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Three For The Road Reba Mcentire And Brooks & Dunn, Giant Acts In Their Own Right, Team Up For An Arena Concert

They both rack up numbers that would amaze even the mighty Garth.

When they share the stage tonight in the middle of the Spokane Arena for what’s billed as a hits-packed show, Reba McEntire and Brooks & Dunn will show why they’re among country’s brightest stars.

Witness McEntire’s career statistics:

Twenty-six No. 1 hits.

Sales of 38 million records via 27 albums since her first in 1978.

The only woman in country with five triple platinum albums (over 3 million in sales apiece).

More than 50 major awards, from her first as female vocalist of the year in 1984 from both the Academy of Country Music and the Country Music Association to a couple of Grammys to her 1997 selection as favorite female performer from the People’s Choice Awards.

Brooks & Dunn have only been around since ‘91, so their stats aren’t as whopping:

Twelve No. 1 hits off four multi-platinum albums.

Sales of over 14 million albums and rising fast, thanks to their current chart smash “The Greatest Hits Collection,” their fifth disc.

A couple dozen top awards, from their first as ACM’s top new vocal duet in ‘91 to a Grammy in ‘94 to a pair of CMA honors in ‘96, as entertainer of the year and vocal duo of the year.

You gotta wonder why such huge stars would hit the road together. And who would be the headliner?

Well, they’ve been friends since the “Boot Scootin’ Boogie” boys performed as an opening act for McEntire way back when. About that second question: When they opened this 85-city tour back in February, they flipped a coin to see who would perform first. And they’ve switched off since.

Tonight they’ll hit the stage together for a few songs before working as separate acts. Kix Brooks, Ronnie Dunn and Reba will perform together at the end as well. There isn’t an intermission, and the concert is expected to last over 2-1/2 hours.

Since there’s no opening act, you don’t want to miss the 7:30 p.m. start.

The concert promises close contact with the stars thanks to a specially designed stage that’ll sit in the middle of the Arena floor. It must be special: They’ve been lugging some 40 tons of equipment around on 18 tractor-trailers and 10 buses - along with an 88-member crew.

Some of that gear includes video screens and plenty of lights for special effects.

“People who come to see our shows are often hard-core traditionalists, combined with contemporary rock fans who are used to seeing big productions,” Dunn says. “We saw how these things work back when we were still opening shows for Reba McEntire. People seem to like to have a visual thing meld with the music.”

Both McEntire and Brooks & Dunn are famous for their high-energy concerts. Twice last year, Brooks went flying off the stage during high-steppin’ numbers and needed some stitches. “Ronnie and I run into each other all the time,” Brooks says, “and if I’m too near the edge he’ll stick out an arm and stop me.”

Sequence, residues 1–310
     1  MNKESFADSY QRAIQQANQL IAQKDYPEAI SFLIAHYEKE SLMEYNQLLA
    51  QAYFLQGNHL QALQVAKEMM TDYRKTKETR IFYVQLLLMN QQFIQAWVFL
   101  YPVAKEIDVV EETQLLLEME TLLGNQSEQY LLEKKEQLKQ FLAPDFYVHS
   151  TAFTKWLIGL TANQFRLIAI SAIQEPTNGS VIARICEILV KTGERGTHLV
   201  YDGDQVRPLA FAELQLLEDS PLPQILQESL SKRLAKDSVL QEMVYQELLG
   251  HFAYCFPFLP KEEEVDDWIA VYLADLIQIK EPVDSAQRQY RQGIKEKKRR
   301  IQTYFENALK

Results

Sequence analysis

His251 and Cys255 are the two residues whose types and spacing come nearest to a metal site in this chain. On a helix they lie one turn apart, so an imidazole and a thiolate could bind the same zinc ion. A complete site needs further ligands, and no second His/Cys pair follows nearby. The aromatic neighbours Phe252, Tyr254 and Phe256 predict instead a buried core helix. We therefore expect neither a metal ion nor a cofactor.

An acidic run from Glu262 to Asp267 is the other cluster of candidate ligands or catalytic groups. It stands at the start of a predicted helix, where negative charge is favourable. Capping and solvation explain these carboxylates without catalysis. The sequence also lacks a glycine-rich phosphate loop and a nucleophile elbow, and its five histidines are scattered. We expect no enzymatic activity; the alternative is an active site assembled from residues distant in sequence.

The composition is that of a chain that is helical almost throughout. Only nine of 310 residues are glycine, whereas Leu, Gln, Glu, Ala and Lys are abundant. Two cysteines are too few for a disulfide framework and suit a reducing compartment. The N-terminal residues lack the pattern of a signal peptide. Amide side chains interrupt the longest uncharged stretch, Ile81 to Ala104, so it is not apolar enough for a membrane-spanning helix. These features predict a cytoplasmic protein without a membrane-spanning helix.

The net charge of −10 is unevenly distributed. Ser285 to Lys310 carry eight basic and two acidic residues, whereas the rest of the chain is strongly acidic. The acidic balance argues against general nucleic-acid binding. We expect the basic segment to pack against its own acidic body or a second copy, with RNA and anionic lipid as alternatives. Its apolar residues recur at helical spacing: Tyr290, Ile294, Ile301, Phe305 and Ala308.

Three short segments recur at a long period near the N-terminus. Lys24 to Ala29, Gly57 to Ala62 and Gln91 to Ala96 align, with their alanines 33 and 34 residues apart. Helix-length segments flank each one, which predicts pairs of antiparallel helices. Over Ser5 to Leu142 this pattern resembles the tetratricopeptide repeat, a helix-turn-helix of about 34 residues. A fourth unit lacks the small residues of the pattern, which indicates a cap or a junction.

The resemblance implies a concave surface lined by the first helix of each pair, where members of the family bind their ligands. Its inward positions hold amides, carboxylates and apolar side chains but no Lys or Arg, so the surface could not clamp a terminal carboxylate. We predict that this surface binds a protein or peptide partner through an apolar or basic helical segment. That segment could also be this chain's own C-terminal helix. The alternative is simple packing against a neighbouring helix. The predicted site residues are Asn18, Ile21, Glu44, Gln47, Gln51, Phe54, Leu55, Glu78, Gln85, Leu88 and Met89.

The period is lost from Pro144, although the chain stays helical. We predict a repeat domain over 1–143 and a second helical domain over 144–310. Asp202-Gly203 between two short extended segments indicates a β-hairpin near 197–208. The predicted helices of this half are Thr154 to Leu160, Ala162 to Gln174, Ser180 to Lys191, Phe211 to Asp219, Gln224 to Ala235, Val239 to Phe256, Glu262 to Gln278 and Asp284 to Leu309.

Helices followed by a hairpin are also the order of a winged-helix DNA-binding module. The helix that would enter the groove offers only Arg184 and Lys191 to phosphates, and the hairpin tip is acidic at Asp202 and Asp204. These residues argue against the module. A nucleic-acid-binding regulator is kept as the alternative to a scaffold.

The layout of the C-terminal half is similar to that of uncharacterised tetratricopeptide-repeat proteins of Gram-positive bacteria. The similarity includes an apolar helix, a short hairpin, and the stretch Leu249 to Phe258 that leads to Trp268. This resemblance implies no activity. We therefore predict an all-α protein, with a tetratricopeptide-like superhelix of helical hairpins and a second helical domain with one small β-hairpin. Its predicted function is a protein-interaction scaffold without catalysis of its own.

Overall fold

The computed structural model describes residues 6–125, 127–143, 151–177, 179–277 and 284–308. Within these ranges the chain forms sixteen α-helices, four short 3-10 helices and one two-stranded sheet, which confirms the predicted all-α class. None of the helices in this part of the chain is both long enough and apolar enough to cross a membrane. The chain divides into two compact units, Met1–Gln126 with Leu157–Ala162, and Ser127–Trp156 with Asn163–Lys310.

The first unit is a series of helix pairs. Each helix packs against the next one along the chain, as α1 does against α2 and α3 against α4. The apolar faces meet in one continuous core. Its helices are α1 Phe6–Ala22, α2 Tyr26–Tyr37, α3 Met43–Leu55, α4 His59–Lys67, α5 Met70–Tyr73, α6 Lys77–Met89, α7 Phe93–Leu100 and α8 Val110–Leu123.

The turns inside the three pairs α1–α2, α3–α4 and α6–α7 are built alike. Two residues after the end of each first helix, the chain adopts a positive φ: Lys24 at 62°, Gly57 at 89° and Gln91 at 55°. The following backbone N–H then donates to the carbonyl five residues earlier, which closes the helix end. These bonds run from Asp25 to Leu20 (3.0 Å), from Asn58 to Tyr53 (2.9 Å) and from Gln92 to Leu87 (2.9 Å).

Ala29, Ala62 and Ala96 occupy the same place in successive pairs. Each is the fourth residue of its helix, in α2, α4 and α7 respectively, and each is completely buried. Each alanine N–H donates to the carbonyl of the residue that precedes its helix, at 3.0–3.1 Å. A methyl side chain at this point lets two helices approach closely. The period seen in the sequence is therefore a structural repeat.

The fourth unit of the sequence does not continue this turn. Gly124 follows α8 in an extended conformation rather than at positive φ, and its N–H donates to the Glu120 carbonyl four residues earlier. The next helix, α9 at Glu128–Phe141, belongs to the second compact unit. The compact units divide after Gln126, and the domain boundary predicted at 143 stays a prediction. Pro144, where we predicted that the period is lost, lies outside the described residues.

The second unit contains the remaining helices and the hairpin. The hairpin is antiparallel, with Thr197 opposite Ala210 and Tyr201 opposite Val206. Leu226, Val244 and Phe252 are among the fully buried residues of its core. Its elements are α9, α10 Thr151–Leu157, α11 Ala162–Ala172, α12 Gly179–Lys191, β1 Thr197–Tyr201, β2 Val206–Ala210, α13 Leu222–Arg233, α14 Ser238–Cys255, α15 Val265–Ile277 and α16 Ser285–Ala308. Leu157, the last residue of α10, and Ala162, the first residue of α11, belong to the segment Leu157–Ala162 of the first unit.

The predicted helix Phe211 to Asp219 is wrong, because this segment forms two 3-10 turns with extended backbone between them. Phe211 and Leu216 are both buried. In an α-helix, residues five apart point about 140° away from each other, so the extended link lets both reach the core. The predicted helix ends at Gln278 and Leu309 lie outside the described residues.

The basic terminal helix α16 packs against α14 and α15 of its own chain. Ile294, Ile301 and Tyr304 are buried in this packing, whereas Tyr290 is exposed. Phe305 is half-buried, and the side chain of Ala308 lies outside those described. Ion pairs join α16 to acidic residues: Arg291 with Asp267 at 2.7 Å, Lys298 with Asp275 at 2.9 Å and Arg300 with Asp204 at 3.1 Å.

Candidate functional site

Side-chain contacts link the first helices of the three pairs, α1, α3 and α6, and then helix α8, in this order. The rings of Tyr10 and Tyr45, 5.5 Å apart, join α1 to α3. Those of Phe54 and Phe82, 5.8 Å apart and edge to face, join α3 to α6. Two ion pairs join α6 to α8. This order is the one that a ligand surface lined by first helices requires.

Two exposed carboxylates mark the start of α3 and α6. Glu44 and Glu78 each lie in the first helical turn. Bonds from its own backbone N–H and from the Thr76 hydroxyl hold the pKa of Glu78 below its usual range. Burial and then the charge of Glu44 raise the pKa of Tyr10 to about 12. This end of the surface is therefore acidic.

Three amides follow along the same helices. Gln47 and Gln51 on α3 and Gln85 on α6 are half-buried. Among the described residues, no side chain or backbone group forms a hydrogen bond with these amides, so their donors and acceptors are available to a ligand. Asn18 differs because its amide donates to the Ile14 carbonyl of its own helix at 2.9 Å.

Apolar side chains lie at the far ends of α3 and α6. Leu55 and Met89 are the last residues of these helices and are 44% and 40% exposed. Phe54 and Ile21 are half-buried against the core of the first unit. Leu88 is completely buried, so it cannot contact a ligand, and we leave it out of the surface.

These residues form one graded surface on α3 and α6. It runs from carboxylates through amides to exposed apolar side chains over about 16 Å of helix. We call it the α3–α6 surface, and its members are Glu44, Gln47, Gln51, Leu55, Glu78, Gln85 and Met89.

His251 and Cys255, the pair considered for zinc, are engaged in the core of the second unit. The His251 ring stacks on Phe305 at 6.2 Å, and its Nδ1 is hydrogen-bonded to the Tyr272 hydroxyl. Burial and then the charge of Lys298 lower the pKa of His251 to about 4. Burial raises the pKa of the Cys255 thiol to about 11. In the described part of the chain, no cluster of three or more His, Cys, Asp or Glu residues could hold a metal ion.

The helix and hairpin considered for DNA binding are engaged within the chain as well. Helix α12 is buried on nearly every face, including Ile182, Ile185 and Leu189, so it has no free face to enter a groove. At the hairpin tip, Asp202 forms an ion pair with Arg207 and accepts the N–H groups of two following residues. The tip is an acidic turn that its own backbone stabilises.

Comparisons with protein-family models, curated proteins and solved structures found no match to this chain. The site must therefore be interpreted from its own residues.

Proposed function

“We don’t bump into each other,” Ronnie counters. “He bumps into me. I’ve learned that, on certain songs, like ‘Hard Workin’ Man,’ I just need to get out of Kix’s way.”

Don’t expect to see Reba tumble into the crowd. She’s known more for elaborate theatrical productions with eye-popping sets, costume changes and special effects. The last time she played Spokane, she changed outfits a dozen times. That’s not in the cards this time, though.

She’s also changed her music. On her latest album, “What If It’s You,” she ditched the heavy instrumentation and production of her previous album (“Starting Over”) in favor of a cleaner sound.

“I wanted to record music that is energetic and fun to listen to,” she says. “Sometimes when you hear somebody on the radio, it sounds like they’re right there on the dash of your car. I wanted that sound, too.”

The album reached the Top 10 and has already scored a couple hits, including “The Fear of Being Alone” and the title track.

Brooks & Dunn also switched direction a bit on last year’s “Borderline” album. Dunn called it “a little bit of a left turn for us … I felt like it was time for us to kind of veer off the most traveled path. It sure doesn’t hurt, in today’s climate, to step just a little bit over into what the traditionalists might call ‘progressive.”’

“Yet our music demands a certain earthiness,” Brooks adds, “and that’s the balance we went for. There’s a rootsy writing thing going on, but as far as recording goes, it’s full-speed modern.”

, DataTimes ILLUSTRATION: 2 Color photos

MEMO: This sidebar appeared with the story: CONCERT Reba McEntire and Brooks & Dunn perform tonight at 7:30 at the Arena. Tickets: $41, available at G&B Select-a-Seat.

This sidebar appeared with the story: CONCERT Reba McEntire and Brooks & Dunn perform tonight at 7:30 at the Arena. Tickets: $41, available at G&B; Select-a-Seat.

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